This book is based on interviews with many of the customers and fans Jobs communicated with. These tales reveal the intricacies of how Jobs portrayed himself as likable and accessible through direct interaction with fans. He handled customer-service inquiries himself and carefully revealed hints about upcoming Apple products, guaranteeing headlines on blogs. However, some of these letters, when analyzed, provide a glimpse into his “reality distortion field,” in which he lobs insults, bends the truth and uses misdirection in order to manipulate anyone on the receiving end.

To accompany the release of the book, CNN is running a three-part series on their website. The first part in that series was published today and details Jobs’ emails related to customer service. Here’s an excerpt where customer  Scott Steckley recalls receiving a phone call from Jobs after emailing him regarding a long wait for his Mac repair:

“Hi Scott, this is Steve,” Steckley recalled hearing from the other end of the phone.

“Steve Jobs?” he asked.

“Yeah,” Jobs said. “I just wanted to apologize for your incredibly long wait. It’s really nobody’s fault. It’s just one of those things.”

“Yeah, I understand.”

Then Jobs explained that he expedited the repair. “I also wanted to thank you for your support of Apple,” Jobs said. “I see how much equipment you own. It really makes my day to see someone who enjoys our products so much and who supports us in the good times and bad.”

This next one has been posted before but is still entertaining:
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Steve Jobs nominated for Time Magazine’s “Person of the Year”; segments of lost interview shown

(video link)

Steve Jobs has been nominated for Time Magazine’s “Person of the Year” by NBC’s “Nightly News” anchor Brian Williams. If Steve Jobs were to receive the award, he would be the first person to receive it after their death. Mark Zuckerburg was 2010’s winner, who recently told reporters he was inspired by Steve Jobs while building Facebook. Brian Williams said in his nomination speech:

“One guy, who changed our world, and I said to Seth Meyers as we walked across Sixth Avenue, ‘Just look with me on this one block walk at how he changed the world around us. Look at how he changed the world.’ Not only did he change the world, but he gave us that spirit again that something was possible that you could look at a piece of plastic or glass and move your finger– that’s outlandish. You could make things bigger or smaller like that. ‘Oh the places you’ll go’ and oh the way you will change forever the music and television industries. So may he rest in peace, Steve Jobs, and the spirit he represents, are my nominee for Person of the Year.”

A video has also surfaced this evening (above) showing a segment of the never before seen interview of Steve Jobs by Robert Cringely. The interview is due out in theaters soon, but Cringely has revealed a few parts early.

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Poll: How did you get the Steve Jobs Bio?

We pondered how best to get our hands on the Steve Jobs Bio that was released last night at midnight. I ended up getting it on Kindle (and hardcover soon) while others at 9to5Mac got it at the iBookstore and/or via local hardcover outlets. We were wondering what the breakdown was for our audience…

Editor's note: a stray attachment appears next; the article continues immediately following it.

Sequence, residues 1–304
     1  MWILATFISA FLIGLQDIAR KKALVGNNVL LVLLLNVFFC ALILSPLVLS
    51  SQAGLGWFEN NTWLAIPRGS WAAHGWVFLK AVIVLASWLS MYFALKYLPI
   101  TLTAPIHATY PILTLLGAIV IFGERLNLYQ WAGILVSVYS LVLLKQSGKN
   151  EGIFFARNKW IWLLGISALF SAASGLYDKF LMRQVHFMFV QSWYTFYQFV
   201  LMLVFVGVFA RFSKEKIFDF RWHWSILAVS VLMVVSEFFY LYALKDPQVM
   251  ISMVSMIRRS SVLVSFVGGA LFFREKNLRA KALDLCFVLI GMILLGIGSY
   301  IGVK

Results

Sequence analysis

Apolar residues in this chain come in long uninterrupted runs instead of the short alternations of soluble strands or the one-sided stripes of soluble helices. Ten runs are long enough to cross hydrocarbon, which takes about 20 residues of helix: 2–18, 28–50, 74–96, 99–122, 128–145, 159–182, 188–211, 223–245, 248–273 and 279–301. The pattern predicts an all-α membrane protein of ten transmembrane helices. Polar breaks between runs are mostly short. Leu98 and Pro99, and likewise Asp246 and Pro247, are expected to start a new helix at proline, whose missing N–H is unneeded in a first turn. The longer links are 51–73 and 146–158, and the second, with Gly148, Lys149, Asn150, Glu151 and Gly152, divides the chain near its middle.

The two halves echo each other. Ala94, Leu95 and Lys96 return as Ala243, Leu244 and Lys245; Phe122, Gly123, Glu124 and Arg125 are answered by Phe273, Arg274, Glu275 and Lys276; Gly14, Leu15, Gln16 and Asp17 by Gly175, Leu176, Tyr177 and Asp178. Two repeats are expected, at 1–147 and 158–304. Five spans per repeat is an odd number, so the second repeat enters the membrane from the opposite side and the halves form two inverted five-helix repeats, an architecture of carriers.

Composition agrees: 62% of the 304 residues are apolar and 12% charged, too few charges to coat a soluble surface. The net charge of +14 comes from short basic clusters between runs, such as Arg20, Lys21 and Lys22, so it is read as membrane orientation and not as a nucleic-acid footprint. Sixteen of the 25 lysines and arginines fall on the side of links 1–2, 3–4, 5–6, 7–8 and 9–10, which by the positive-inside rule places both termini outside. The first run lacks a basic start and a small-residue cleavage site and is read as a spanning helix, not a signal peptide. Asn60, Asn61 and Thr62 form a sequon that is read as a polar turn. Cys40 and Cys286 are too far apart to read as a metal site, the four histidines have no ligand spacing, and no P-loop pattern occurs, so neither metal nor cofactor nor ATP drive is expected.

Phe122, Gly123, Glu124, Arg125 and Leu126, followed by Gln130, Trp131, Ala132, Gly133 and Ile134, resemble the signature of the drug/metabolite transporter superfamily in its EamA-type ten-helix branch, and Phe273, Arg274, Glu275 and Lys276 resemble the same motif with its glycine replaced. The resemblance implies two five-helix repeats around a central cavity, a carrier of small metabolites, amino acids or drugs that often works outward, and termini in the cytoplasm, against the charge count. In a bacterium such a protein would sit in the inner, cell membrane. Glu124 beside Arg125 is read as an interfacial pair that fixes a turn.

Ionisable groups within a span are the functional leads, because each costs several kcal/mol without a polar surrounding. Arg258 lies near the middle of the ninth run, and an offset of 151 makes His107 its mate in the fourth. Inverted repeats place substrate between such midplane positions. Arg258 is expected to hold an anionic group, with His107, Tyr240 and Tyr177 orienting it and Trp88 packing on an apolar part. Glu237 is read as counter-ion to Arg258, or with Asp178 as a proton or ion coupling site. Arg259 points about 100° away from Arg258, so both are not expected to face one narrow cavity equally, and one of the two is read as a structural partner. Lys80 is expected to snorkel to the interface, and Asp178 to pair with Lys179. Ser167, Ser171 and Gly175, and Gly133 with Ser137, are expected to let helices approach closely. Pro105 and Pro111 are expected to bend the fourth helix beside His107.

Obviously, the book is beyond popular as the #1 Kindle eBook as well as hardcover and Audiobook currently.

Hows the reading going? I passed out at around page 400 last night. Anyone finish? Skip to the last chapter?

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Steve Jobs bio eBook hit Amazon Kindle and iBookstore early

We’re getting reports that the Steve Jobs bio is hitting Amazon Kindle early and we’re just hearing that it has hit the iBookstore as well (it has been hitting at midnight the world over but looks to have gone a bit early because of Amazon’s jumping the gun).

Apple also offers an Isaacson Jobs-Einstein-Franklin three pack for $47 and and Audiobook version of Steve Jobs narrated by Dylan Baker over 25 hours ($30).

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Steve Jobs bio is available for download in the iBookstore — in Australia

As it passes into Monday in Australia and across the World, the Steve Jobs bio is hitting the iBookstore (full shot below). It is still a $16.99 pre-order in the US but should become available at midnight tonight. It also hasn’t begun shipping in hardcover form from Amazon $17.88, but the Kindle downloads should be available at about the same time. We saw that some bookstores had begun stocking them prematurely yesterday and readers have been sending in lots of scanned pages since then (thanks).

Thanks Dean!

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Jobs viewed textbooks as the next business he wanted to transform…

The New York Times reveals yet another tidbit from the Steve Jobs bio: The next business he wanted to transform was the school textbook business.

He held meetings with major publishers about partnering with Apple, the book says. If textbooks were given away free on iPads he thought the publishers could get around the state certification of textbooks. Mr. Isaacson said Mr. Jobs believed that states would struggle with a weak economy for at least a decade. “We can give them an opportunity to circumvent that whole process and save money,” he told Mr. Isaacson.

It isn’t exactly clear how the business model would work in this case but perhaps the fruits of that labor will be seen in coming months and years.

Perhaps more tantalizing, the Times teases that in his resignation meeting, Jobs also peppered Scott Forstall and Phil Schiller with questions about the data capacity of 4G cellular networks and what features should be in future phones. (FaceTime?!)